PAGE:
The Sheefish are in!

The elusive Sheefish can be found in only a few different rivers in Alaska, but they can only be found this size in the Kobuk River (average size is 20 pounds in the Kobuk, this fish is 35 pounds).

When not in the river, they live in ocean lagoons near the town of Kotzebue on the west coast of Alaska. In the fall, thousands of Sheefish run up the Kobuk River from Kotzebue to spawn. Unlike salmon, they do not die and return to the ocean. Sheefish can live to be more than 30 years old. They have a white meat similar to halibut. They are an excellent sport fish as they can be easily caught in the river from shore with a spinning rod. They have been compared to tarpon as they like to jump out of the water when hooked. The flight from Bettles to the Sheefish is one hour in August and we offer guided and unguided trips. A good day of fishing can yield as many as 15 to 20 fish per person (mostly catch and release… except a couple that come back to the kitchen). The record on spinning rod is 53 pounds and was caught in the same place this photo was taken!


About Heather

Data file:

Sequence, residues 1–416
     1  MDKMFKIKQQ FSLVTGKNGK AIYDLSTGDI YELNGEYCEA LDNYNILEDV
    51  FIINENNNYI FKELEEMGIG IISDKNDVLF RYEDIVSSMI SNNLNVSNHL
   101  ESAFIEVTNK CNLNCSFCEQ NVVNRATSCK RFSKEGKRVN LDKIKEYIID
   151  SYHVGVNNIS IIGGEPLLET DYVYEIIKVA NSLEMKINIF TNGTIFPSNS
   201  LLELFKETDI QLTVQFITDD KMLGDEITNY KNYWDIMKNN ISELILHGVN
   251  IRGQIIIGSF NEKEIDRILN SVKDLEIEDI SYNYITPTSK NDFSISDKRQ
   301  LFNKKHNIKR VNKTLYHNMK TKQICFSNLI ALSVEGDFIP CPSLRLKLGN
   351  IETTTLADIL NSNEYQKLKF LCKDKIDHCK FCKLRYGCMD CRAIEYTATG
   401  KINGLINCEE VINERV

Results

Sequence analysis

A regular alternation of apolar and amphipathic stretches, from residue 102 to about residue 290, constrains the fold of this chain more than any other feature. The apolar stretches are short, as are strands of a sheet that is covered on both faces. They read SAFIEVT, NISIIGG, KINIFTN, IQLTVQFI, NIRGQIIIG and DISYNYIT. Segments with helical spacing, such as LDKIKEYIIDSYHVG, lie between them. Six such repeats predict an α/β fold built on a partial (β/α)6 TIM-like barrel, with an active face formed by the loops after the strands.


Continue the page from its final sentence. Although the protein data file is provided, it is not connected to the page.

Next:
Heather is a photojournalist and adventurer from Fairbanks, Alaska.
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One Response to The Sheefish are in!

  1. Cetok says:

    An interesting aritlce, and very much to the point. What I love about your work is that your photographs really show us what’s out there, especially in Alaska. So often a newspaper aritlce will tell us about these things from a distance, with the mine represented as a dot on a map, and maybe some smooth cg graphics thrown in. Your pictures reveal these huge bizarre structures in the midst of the tundra vastness. That’s a very important part of the reality of modern Alaska: beyond the gift shops and the slick oil-money airport with its stuffed grizzlies, an epic of human survival and corporate resource extraction is playing out across the landscape. Its’s amazing how many people in the lower 48 think of Alaska as simply great scenery, not realizing the whole corporate feifdom side of things. Nome is already surrounded by the rusting hulks of obsolete mining technology, and I can only wonder what people will remember about us generations into the future.Thank you, I look forward to hearing about your future adventures.

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